Quinoa boasts an impressive amount of health benefits. It contains all nine essential amino acids, making it a complete protein, which is very rare in the plant world. The fact that it is a complete protein makes it a great source of protein for vegans and vegetarians. Quinoa is also high in magnesium, fiber, calcium, phosphorus, iron, copper, manganese, riboflavin and zinc. There is a lot of fiber in quinoa and this will help with preventing colon cancer, optimizing gut health, preventing constipation and bloating, and maintaining healthy cholesterol. The high fiber in quinoa also makes it idea for anyone trying to lose weight because it digests very slowly and will leave you feeling full for longer. Quinoa provides sustained energy and much more nutritional content than cereals or breads made with refined grains. Quinoa is also very rich in antioxidants that fight free radicals in the body and help prevent cell and DNA damage, which will eventually lead to cancer. The fact that quinoa is a gluten free grain makes it a great choice for people with digestive disorders such as celiac disease.
  
For quinoa and whole grains in general, the majority of digestion occurs in the mouth through chewing and exposure to saliva. For optimal nutrition and assimilation, it is vital to chew your grains well and with awareness. For best results, rinse quinoa before you cook it or even soak it for a few hours or overnight. When cooked, it has a fluffy, slightly crunchy texture. Try it in soups, salads, breakfast porridge, or even as its own side dish.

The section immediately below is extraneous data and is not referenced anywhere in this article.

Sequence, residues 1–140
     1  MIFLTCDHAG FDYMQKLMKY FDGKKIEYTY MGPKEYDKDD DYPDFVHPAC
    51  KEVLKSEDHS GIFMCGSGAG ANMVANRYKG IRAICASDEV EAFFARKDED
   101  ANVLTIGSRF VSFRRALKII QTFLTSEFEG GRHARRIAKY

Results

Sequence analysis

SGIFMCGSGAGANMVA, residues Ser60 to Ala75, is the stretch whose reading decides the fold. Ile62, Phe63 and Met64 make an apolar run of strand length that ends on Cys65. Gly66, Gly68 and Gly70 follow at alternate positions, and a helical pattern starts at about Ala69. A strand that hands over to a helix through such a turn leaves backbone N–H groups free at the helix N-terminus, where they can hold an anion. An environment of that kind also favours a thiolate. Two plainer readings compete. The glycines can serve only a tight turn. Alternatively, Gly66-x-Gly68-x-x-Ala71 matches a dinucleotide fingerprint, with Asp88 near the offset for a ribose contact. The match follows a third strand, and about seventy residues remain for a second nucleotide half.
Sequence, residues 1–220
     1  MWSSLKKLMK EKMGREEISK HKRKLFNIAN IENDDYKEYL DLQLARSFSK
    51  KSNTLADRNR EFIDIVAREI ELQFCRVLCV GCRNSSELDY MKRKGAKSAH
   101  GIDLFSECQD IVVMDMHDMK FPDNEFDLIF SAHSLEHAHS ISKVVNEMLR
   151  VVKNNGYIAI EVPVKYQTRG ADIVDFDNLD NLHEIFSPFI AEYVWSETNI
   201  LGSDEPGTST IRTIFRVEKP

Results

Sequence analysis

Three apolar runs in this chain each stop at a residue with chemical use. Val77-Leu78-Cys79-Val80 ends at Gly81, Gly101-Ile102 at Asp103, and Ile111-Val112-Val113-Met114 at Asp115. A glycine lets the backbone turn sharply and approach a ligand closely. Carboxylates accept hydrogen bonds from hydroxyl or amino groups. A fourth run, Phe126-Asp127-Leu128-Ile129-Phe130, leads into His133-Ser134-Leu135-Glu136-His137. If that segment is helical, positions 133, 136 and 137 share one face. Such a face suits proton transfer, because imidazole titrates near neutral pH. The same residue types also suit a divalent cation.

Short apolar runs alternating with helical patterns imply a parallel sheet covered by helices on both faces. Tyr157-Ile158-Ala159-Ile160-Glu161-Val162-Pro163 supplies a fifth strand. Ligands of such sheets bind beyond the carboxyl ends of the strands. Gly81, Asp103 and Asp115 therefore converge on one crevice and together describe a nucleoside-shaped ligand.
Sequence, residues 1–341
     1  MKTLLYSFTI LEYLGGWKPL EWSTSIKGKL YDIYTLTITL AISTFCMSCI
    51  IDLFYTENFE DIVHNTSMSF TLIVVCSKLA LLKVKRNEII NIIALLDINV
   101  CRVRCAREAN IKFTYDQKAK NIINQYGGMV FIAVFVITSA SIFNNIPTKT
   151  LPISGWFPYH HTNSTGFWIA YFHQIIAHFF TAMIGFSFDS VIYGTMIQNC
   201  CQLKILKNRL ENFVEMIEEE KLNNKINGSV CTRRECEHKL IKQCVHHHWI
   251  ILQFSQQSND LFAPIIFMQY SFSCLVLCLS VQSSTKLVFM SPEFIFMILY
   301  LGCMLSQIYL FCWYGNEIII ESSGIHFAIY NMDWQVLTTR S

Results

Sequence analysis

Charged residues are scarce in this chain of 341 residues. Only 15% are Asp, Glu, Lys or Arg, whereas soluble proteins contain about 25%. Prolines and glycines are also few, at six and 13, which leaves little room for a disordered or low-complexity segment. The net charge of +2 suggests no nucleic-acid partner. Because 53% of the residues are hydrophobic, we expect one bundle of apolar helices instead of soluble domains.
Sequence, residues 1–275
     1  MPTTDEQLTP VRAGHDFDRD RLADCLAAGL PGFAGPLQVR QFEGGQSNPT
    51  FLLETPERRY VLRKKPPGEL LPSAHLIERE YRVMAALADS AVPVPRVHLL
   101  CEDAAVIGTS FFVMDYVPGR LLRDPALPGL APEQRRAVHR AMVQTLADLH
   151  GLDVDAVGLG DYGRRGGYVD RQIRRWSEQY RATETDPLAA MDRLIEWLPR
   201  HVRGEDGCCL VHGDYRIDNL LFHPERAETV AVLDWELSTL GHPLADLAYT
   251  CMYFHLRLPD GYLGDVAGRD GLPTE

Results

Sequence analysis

Recipes

 

JRF Original Recipe: Quinoa, Beans, and Vegetables

Ingredients: 1 Cup of quinoa
                     
4 Cloves of garlic (minced)
                      1/2 Red or white onion (chopped) 
                      1/2 Cup of green onions 

                      1/2 Medium red bell pepper (chopped)
                      1/2 Medium green bell pepper (chopped)
                      1 Whole large tomato (chopped small)
                     
1/4 Cup chopped cilantro (for garnish)
                      1 Can or one cup of black beans
                      Graded raw cheddar cheese to taste
                      2 Tablespoon of extra virgin olive oil or unrefined coconut oil     
                      Salt and pepper to taste
                      1Tsp of cumin
                      1/2 Tsp of cayenne pepper (If you like spicy)         

Cooking Instructions: